What a delightful little town this is, tucked in at the head of beautiful
Once famed for its big ships and whaling industry, in the mid-1800s Cold Spring Harbor supported a fleet of nine whaling vessels and coastal vessels carrying cargo from Long Island to towns along the Atlantic Coast and Caribbean. It became a United States Port of Entry in 1799 and one of Long Island's busiest whaling ports, as well as one of the most popular vacation destination spots in New York State. In summertime, the town's various cultural events, picturesque harborside park and friendly atmosphere beckon families and visitors in search of something a little more casual than the Hamptons or South Shore scenes.
Billy Joel's first album was entitled Cold Spring Harbor and featured a photo of Billy on the cover, with Cold Spring Harbor's Eagle Dock beach in the background. Billy grew up in nearby Levittown. Yep, the piano man is somewhat of a local celebrity, as is
Other celebrity residents have included John Lennon from the mid-1970s until his death in 1980, Lindsay Lohan who spent a portion of her childhood and adolescence here, Meg Whitman, CEO of eBay, grew up here, and Wally Szczerbiak, NBA basketball player for the Boston Celtics, attended Cold Spring Harbor High School. Otto Kahn, investment banker built his estate, Oheka Castle, on West Gate Drive, and Louis Comfort Tiffany, stained glass artist, built his estate, Laurelton Hall, in Cold Spring Harbor. The novel Cold Spring Harbor (1986), by the late author Richard Yates, is a quiet suburban tragedy set in the 1940s in this town and avoids depicting the glamorous side in this post-war era.
How to get there
Cold Spring Harbor is located at 40°51′48″N, 73°26′35″W. Entering Oyster Bay, you'll round either G15 Gong at Lloyd Point or G17 Bell off Rocky Point marking Centre Island Reef. It's a good idea not to cut inside the latter mark, which was moved a but further out a few years back so on older charts it will appear to be out of position.
Heading straight into Oyster Bay from Long Island Sound, we usually play it safe and round the light tower at Fort Hill. Besides the fun we have when the osprey is in residence (she is either screaming at you to stay away or feeding her voraciously hungry babes), it’s the safe route around the shallows mid-bay. Just beyond the light tower is Lloyd Beach, from where you can cross the causeway on foot and peer into the far reaches of Lloyd Harbor where power vessel are not permitted.
The sailing on the calmer waters inside the Bay is quite lovely, and often you’ll pass fleets of classic boats working their way gingerly around a race course in light air. As you get further in, you’ll approach the outer harbor mooring field of Cold Spring Harbor, separated from the inner harbor by a sandspit that is partially submerged at high water. The water depth is pretty good almost right up to the channel so it is possible to anchor near the entrance to the inner harbor and have an easy dinghy ride in.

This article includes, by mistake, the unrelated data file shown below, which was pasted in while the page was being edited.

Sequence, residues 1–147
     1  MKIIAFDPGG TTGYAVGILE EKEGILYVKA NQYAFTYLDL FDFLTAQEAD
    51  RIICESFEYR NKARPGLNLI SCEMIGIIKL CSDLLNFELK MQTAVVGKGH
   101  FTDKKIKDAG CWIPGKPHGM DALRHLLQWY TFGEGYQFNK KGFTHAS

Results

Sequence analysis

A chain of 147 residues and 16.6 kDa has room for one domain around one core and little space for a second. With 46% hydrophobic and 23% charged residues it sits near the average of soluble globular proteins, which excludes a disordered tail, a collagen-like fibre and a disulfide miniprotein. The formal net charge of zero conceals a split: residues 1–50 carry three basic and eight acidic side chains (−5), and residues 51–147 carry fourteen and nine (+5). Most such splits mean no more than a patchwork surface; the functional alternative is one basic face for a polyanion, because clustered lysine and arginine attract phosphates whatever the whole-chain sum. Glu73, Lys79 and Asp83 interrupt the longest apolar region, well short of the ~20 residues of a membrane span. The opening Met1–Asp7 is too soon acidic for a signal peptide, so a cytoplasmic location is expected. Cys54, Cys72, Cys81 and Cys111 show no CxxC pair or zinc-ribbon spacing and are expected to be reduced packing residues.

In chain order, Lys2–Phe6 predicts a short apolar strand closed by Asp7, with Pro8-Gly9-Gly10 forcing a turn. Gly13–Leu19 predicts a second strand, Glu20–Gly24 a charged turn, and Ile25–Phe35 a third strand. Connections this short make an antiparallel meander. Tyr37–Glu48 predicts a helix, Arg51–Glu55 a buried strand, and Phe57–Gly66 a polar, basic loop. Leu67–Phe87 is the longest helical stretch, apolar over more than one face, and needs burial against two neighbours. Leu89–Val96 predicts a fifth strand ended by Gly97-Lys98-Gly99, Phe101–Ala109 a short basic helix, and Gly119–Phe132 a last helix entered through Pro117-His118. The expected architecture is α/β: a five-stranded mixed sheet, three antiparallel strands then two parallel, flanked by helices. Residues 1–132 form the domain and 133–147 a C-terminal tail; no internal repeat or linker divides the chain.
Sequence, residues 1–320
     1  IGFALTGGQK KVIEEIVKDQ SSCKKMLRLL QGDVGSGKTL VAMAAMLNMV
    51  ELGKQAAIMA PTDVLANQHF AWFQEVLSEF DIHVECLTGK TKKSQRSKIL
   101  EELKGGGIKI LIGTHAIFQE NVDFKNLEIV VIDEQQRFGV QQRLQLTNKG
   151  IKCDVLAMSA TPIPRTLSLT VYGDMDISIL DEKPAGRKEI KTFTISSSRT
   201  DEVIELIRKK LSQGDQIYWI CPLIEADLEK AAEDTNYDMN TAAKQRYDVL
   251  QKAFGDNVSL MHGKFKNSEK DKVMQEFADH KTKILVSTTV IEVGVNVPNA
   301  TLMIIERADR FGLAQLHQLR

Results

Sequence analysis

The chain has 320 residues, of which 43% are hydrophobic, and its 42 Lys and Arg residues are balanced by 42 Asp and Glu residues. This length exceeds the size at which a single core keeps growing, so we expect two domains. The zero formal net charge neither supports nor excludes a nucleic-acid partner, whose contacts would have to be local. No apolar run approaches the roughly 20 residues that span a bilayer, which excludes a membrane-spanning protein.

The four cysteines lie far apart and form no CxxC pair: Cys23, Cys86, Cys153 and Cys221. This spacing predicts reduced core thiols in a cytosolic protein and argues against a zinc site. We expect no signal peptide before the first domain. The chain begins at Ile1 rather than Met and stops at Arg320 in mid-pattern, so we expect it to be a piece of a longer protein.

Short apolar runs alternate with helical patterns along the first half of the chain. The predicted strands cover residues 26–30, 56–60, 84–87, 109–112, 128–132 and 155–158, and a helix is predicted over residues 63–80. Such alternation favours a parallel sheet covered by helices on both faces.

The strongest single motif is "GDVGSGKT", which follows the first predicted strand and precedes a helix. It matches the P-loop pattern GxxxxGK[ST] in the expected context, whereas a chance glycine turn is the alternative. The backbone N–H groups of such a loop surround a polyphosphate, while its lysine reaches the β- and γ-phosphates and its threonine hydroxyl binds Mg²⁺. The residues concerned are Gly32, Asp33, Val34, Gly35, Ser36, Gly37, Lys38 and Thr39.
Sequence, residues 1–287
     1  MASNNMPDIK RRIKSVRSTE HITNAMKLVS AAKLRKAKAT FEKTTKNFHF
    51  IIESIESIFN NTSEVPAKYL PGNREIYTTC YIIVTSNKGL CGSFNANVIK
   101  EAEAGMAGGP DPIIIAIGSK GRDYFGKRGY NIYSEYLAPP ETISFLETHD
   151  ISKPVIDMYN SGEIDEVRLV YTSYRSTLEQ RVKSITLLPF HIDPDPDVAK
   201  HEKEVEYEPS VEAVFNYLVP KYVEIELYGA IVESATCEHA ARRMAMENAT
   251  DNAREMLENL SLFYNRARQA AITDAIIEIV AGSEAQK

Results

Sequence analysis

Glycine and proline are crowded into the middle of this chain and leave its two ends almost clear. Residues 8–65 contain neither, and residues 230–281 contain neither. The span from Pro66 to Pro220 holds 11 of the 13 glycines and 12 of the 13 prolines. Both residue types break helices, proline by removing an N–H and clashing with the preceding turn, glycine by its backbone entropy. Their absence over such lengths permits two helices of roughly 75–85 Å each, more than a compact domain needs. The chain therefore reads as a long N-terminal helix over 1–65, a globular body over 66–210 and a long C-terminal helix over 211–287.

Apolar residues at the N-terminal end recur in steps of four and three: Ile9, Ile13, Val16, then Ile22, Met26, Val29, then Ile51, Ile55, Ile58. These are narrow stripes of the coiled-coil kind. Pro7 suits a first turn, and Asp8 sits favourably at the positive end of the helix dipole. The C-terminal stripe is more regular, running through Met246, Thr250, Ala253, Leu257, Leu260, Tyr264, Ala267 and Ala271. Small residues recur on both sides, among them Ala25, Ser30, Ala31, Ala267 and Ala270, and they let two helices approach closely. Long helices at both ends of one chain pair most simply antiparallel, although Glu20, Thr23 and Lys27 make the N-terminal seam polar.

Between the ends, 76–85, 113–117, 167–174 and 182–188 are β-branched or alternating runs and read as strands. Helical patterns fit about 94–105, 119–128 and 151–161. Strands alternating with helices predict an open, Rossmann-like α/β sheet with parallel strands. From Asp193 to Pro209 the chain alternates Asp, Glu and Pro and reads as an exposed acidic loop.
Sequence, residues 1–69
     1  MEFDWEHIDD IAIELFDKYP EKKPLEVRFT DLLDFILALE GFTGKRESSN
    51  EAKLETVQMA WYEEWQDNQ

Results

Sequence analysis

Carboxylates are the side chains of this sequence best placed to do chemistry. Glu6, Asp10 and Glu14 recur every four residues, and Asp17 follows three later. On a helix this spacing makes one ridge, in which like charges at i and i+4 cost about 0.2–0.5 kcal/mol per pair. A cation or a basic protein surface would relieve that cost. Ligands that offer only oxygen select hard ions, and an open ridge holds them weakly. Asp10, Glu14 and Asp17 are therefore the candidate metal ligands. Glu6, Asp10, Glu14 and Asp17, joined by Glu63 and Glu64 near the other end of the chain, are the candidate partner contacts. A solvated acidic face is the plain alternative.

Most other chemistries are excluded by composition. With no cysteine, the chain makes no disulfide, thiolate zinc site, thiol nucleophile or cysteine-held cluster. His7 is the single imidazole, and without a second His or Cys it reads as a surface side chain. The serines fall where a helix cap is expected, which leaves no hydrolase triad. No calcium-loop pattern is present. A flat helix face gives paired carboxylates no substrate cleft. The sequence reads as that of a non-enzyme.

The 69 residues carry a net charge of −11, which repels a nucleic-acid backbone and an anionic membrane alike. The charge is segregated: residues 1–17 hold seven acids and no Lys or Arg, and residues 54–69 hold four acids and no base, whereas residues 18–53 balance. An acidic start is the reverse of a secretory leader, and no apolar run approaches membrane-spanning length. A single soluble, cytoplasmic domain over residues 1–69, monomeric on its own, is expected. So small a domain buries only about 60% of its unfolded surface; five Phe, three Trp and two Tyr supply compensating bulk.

You can also come into the inner harbor which has plenty of depth but is very crowded with moorings. The place to tie up your dinghy is at the fuel dock of the H&M Powles Marina, although the signs do protest that it's a drop off zone only. For $5, you can stay as long as you like. There is fuel available, as well as bait and tackle.
When you go ashore, turn left and walk about ¼ mi into town past
What to doMain Street is the heart of the town, and the only shopping strip around. There is no tourist office in the village, but the Long Island Preservation Society's Museum Gallery offers plenty of information on local lore, including itinerary and points of interest along Long Island's Heritage Trail. The main section of town is just a couple of blocks long but chock full of little treasure shops. There’s a Vineyard Vines, antique shops, a candle store, Irish imports, a great art glass and gift shop, a the fabulous Kiva Native American handcrafts shop (ask the very knowledgeable proprietor to tell you the story about the bridge tender and his boat), a general store, a shop that sells custom doll houses, and plenty of other little nooks to stop into.
Restaurants aren’t as plentiful and the only choices are seafood and steak at 105 Harbor (across from the fuel dock station), seafood and wines at Bedlam Street, upscale fare at Grasso's and the Gourmet Goddess deli. Great sandwiches there and lots of specialty stuff to bring home with you, especially the chocolates! For fine Italian up-scale dining, try Trattoria Grasso and ask for their pan-seared tuna or monkfish if you'd prefer to skip the pasta for some local delicacies. They also have live jazz every Wednesday through Saturday night.
There are also two museums in town. The Cold Spring Harbor
collection, as well as films and special family programs. It’s a couple of blocks past where the shops end in town. Just keep walking down into the residential area and you’ll find it. On a previous visit, we really enjoyed learning about the roots of whaling in the region and the museum shop was a nice place to part with a few coins and pick up some unique gifts.
The other museum is a historical society museum and they do thematic exhibits. This summer they had a great exhibit on the bridges and resorts that were planned for
The Cold Spring Harbor Fish Hatchery and Aquarium offers educational programs about the natural aquatic systems of
On the way out of the harbor, head to port along the shore of Cove Neck. You'll notice a rather colorful display of flotsam and jetsam, fairly reminiscent of a "Robinson Cruisoe'esque" display. The day we came by for a closer look, an aging gentleman was tending to his collection, no doubt arranging a new find in just the right spot. The signs posted made clear that he does not invite visitors and we respected his privavcy from afar with wide eyed interest.
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